I confess to being confused by two very different – and somewhat contradictory – reports into the same set of statistics published last week. According to one publication, sales of investment funds were up by 7 per cent in July to £4.1bn.
These figures come from the IMA, a body which has had more name changes than the average City firm. Yet, reporting on precisely the same set of statistics, a leading financial daily newspaper pointed to sales of Isas tumbling in the wake of the stockmarket collapse. Apparently, they were down by 35 per cent in July. Confused? You should be.
Read more deeply and it was all simply explained when you saw that one report was comparing July with June while the other was looking at the same month last year as the base from which the change was to be calculated.
Of course, they were not even extracting the same set of figures from the statistics published. It all goes to show that the phrase lies, damn lies and statistics has more veracity than we should feel comfortable with. You can read anything into a set of figures. More specifically, you are usually able to read exactly what you wish.
This seems particularly important with the change in the law in the US, which will mean that erring company bosses can be jailed if the accounts they present paint a false picture of the health of their business. Make no mistake,balance sheets are capable of interpretation in a number of different ways.
There have been plenty of reports and accounts published that are as much a work of fiction as anything Jeffrey Archer has written, so it is not surprising that organisations representing Britain's bosses are just a tad concerned over what the lawyers may do to directors of UK companies with a stockmarket listing in the US if they choose to interpret figures produced in a way that suggests malpractice.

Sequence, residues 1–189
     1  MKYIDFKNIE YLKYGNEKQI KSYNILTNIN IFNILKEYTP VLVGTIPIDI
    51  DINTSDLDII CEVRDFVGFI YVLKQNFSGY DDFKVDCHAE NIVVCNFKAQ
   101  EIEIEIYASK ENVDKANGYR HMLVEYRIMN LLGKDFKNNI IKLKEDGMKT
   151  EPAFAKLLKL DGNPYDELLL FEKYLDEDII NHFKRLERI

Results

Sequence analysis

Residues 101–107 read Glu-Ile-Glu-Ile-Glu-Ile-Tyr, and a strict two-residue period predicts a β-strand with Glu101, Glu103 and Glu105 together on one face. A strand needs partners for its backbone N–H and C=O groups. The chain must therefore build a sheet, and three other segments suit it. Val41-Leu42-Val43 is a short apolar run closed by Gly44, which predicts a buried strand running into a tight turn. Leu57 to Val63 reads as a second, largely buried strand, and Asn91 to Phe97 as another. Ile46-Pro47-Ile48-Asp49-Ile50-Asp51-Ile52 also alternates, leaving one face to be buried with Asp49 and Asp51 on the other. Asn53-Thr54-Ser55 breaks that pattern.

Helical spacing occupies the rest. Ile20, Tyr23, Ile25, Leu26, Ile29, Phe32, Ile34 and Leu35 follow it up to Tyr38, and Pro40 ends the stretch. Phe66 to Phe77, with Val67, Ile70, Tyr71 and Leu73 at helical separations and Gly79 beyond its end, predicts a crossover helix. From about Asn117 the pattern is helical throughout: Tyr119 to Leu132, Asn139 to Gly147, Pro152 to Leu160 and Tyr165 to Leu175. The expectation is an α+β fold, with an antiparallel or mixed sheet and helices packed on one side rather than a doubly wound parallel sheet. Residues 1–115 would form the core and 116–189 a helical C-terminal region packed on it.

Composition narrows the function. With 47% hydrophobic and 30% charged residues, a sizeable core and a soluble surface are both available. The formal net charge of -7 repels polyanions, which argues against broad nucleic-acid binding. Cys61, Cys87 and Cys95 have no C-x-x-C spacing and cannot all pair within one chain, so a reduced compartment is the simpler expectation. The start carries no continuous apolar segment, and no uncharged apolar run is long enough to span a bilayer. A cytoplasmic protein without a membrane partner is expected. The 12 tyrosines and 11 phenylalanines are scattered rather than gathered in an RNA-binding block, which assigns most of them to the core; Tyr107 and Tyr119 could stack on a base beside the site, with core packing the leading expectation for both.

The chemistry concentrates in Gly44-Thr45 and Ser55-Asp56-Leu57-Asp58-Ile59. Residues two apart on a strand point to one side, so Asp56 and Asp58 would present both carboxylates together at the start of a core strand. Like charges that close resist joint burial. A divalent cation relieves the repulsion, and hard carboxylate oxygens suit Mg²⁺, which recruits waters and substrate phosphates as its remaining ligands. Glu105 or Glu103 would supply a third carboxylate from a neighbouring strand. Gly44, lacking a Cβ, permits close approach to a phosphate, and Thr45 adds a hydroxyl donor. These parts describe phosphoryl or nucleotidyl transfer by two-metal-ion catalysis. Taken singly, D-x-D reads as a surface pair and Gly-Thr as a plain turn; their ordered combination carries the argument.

Already, BMW has cancelled plans to list its shares in the US, so it will be as well to recognise that this is a real issue. But perhaps the most relevant aspect of this is the way in which it highlights the importance of interpreting a set of results from a company in the appropriate way.It is for this that analysts are often so highly paid and they have not been having an easy time of it recently either.
Aside from the accusations of publishing research more for the benefit of the corporate finance department than to enlighten investors, analysts are faced with a deteriorating corporate background and considerable doubts over whether their expectations for earnings will be met.
Their forecasts of a bounce in company profits in the US in the second half of this year now look to be unduly optimistic. Some of America's best known names have been warning shareholders that they are lowering their expectations for demand. Consumer confidence has fallen to a nine-month low. It is little wonder that Wall Street's rally ran out of steam so quickly.
Of course, as the holiday season comes to an end and business volumes start to pick up, we may get a better feel for the likely direction of the market.
Professionals remain on tenterhooks over the technical pressures that are being brought to bear. The issues over pension funding are not just about whether you should hold bonds in preference to equities.
The fact that companies are now having to account more definitively for their pension liabilities could lead to a lowering in profits, which in turn could put dividends under threat – which has implications for pension funds. And so on and so on.
One answer, of course, would be to restore the double taxation relief that was taken from pension funds by Gordon Brown when New Labour first came to office. By abolishing advance corporation tax, the Government effectively taxes dividends twice.
Companies pay their dividends from profits that have already been subject to tax. For those dividends to be taxed again is considered by many to be unfair. I would not hold your breath, though. A sluggish economy will reduce tax revenues while the Chancellor has a big spending programme to fund. It looks as though current market uncertainty may persist for a little while.